Nutraceuticals in demand

Nutraceuticals in demand

Dr Sanjay Agrawal

Leading Pharmaceutical Consultant and Editor-in Chief of IJMToday

 Nutraceuticals can be broadly defined as nutrients that include substances which have established nutritional functions e. g. vitamins, minerals, amino acids, fatty acids, and so on and herbs or botanical products and the third category is dietary supplements such as probiotics, prebiotics, antioxidants, and enzymes. Dietary supplements, functional foods (probiotics and fatty acid-based foods), botanicals/herbals. They add health benefits to the basic nutritional value found in foods and are primarily used to promote health and wellness or prevent and treat disease. However, most common nutrients supplemented as nutraceuticals are minerals and vitamins, or in combination and or with other antioxidants. The Indian nutraceutical market is dominated primarily by the fast moving consumer goods and pharmaceutical industry.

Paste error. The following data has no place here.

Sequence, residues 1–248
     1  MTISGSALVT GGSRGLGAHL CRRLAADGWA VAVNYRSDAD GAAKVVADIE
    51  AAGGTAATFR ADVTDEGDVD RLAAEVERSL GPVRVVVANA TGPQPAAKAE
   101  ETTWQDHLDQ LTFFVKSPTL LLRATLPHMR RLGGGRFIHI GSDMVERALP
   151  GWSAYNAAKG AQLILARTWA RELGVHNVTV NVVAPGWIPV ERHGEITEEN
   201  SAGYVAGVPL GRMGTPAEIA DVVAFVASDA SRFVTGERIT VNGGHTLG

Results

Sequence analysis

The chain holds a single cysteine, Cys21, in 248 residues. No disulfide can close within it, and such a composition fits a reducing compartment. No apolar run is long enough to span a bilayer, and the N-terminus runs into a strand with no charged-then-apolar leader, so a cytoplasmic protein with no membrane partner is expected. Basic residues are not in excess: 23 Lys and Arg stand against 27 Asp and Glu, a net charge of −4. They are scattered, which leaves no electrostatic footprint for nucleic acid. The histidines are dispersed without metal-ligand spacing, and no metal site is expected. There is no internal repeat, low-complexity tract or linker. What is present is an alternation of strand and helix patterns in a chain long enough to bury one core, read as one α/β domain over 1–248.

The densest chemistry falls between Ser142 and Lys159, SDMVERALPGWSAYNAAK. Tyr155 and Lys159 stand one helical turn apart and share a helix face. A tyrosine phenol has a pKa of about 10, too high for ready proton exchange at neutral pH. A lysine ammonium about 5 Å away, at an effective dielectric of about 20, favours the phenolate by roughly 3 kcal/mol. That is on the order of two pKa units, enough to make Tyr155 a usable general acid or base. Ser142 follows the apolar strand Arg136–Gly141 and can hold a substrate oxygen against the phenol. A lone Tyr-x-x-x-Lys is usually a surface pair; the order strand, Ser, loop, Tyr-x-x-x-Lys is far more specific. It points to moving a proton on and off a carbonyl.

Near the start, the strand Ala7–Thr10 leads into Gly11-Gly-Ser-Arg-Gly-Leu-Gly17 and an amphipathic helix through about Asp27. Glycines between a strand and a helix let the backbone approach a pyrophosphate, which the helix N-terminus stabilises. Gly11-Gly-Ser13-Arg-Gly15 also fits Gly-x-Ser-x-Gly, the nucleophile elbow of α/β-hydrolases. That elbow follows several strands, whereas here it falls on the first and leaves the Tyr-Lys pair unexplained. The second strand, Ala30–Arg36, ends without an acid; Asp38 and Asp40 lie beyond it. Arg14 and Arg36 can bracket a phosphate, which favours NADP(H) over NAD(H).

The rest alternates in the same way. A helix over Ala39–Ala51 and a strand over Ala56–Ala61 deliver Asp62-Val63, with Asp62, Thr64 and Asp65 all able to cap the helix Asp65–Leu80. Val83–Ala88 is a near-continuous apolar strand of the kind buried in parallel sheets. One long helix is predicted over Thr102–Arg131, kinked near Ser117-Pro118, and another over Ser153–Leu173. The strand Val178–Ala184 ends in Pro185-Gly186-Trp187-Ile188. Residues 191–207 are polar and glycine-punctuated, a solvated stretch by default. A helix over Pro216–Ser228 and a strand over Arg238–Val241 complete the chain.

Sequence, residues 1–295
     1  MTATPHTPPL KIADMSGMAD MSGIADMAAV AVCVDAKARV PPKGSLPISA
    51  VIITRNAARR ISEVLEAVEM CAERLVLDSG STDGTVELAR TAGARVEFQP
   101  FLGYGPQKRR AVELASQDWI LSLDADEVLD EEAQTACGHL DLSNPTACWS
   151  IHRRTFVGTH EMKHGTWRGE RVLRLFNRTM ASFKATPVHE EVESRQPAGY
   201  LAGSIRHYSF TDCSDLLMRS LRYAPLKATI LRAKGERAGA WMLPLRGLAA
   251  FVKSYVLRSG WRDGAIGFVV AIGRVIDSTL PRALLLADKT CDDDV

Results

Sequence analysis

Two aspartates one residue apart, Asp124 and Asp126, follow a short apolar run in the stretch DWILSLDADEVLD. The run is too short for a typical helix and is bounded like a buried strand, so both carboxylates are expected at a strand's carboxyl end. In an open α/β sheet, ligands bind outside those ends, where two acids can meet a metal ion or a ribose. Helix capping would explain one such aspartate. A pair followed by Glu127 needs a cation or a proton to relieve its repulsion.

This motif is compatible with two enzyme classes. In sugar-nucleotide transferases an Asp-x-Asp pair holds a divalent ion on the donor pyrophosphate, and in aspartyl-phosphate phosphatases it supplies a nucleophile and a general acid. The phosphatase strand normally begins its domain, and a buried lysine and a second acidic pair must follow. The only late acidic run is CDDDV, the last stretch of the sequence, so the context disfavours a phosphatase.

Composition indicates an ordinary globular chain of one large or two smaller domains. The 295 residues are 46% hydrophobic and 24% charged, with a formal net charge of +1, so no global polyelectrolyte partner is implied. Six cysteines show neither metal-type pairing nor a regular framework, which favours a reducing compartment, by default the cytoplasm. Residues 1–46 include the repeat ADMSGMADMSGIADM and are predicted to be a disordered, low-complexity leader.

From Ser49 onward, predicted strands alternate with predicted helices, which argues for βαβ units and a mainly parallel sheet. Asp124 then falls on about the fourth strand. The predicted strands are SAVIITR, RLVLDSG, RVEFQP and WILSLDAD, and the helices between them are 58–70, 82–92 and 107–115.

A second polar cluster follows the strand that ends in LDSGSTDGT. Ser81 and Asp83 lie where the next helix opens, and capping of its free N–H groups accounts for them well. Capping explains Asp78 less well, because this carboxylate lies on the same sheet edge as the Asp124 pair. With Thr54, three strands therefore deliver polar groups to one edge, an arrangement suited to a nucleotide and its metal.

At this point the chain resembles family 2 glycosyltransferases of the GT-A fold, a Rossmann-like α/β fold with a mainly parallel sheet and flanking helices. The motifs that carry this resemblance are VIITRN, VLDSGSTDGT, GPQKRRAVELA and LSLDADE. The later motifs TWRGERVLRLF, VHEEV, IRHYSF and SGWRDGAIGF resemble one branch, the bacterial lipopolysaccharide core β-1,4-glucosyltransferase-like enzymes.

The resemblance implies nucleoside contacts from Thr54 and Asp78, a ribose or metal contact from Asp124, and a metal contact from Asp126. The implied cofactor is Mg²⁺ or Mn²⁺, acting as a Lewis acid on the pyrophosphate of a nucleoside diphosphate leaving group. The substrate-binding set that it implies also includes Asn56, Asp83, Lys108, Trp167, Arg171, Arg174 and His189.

While nutraceuticals and dietary supplements are often used interchangeably, the latter serves as the broader category. Dietary supplements have been marketed to address a large variety of ailments, from insomnia and poor digestion to low energy, joint pain, and immune health.

Nutrition is one of the most important factors in building the foundation of good health – right from the early years of life. Balanced nutrition is essential for everyone, especially children, because good nutritional habits that are established during early ages turn out to be lifetime habits. The Nutrition market continues to evolve in light of consumer demands, new applications and emerging technologies. Minerals continue to function as a solid sales generator for the dietary supplement market, especially as increasing numbers of consumers add them to their health and wellness regimens. Mineral fortification has also generated interest from consumers.